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The student news publication of Bryant High School in Bryant, Arkansas

Prospective Online

The student news publication of Bryant High School in Bryant, Arkansas

Prospective Online

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Illustration of Bob Marley.
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Meet Kenzie. Kenzie is a senior this year and is a reporter for The Prospective. Outside of newspaper, Kenzie is captain of the Legacy of Bryant's Colorguard. She is an active volunteer in her community...

The Search for the Holy Grain

During this holiday season, senior Joules Margot reviews bread from five local restaurants.
Bread+from+Italy+in+Town
Sydney Maddox
Bread from Italy in Town

For centuries, historians have debated the true resting place of the Holy Grain. Described as a bread with impeccable flavor, mouth watering scent and airy texture, the Holy Grain has so far remained a mystery. So, this holiday season, I’m turning away from grandma’s homemade rolls and  going on a journey in search of this unobtainable relic, a.k.a., the best bread served in Saline County. 

I began this quest with the help of Jacob, my photographer, and Sydney, one of the editors of the Prospective. With their company, I traversed to five separate restaurants: Texas Roadhouse, Olive Garden, Verona, Italy in Town and Logan’s Roadhouse. 

Before stepping foot in these establishments, I devised the criteria on which to judge this bread, which I deemed the Five Pillars of the Holy Grain. 

 

  1. Taste: what flavors are present in the bread? 
  2. Smell: does the bread make your mouth water?
  3. Portion: how much bread is presented? Is it too much or not enough?
  4. Condiments: what condiments can be added to the bread? Do they improve or impair the experience?
  5. Reheat-ability: can the bread be taken home, reheated and still match its original quality? 

 

With the tenants laid before me, I embarked on my pilgrimage. 

 

Texas Roadhouse:

Basket of rolls from Texas Roadhouse (Sydney Maddox)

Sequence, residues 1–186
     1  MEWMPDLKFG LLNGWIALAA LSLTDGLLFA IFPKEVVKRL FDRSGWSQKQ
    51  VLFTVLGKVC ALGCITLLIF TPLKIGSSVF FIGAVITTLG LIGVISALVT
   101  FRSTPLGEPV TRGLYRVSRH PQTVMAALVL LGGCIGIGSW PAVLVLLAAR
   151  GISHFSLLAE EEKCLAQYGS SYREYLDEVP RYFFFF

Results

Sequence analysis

I will admit, I entered the Roadhouse with low expectations. The overwhelming environment with birthday singing, bustling hostesses and taxidermied animal heads usually steers me away from this Southwestern style establishment. But Texas Roadhouse is known for their made-from-scratch rolls and honey cinnamon butter, so my journey would be incomplete without it. 

When the basket was placed at the table, I couldn’t help but draw in a deep breath as a steam rose off the glossy rolls. There were four of them, evenly shaped and golden brown, adorned with a plastic container of the cinnamon-honey spread. Sydney and I each took one of the rolls and split them in half.

I found that the rolls were comparable to M&M’s, in the way that they had a slightly shell-like crust. On the inside they were hot and airy; the bread pulled apart with ease and melted on the tongue. I found the flavor to be surprisingly sweet, and with the honey cinnamon butter, these rolls were a genuine dessert. Although I would have preferred an element of saltiness within the bread to contrast with the sugary butter, I found these rolls to be startlingly memorable. 

As for reheat-ability, popping one or two rolls out of a to-go box and into an oven or air fryer is an easy way to improve your evening snacking. The rolls remain fresh—albeit drier—and flavorful even after reheating. 

Overall, I rate the Texas Roadhouse rolls a 9/10 and would highly suggest replacing a traditional dessert for these rolls as an unconventional little treat.

 

Olive Garden:

Breadsticks and dipping sauces from Olive Garden (Jacob Suddeth)

To kick off what I dubbed “Italy Day” (the Saturday in which I visited all three Italian restaurants on my list), Olive Garden was our first stop. 

Being one of the five locations in Arkansas, Benton’s Olive Garden has cemented the status of its breadsticks as some of the best around. Jacob and I were seated promptly around 2:30 p.m. and denied an offered menu, hoping simply for a basket of breadsticks. Upon ordering, our waitress revealed that there were three dipping sauces which may elevate our tasting experience. We chose the alfredo and five cheese marinara, and I can’t be more grateful we did.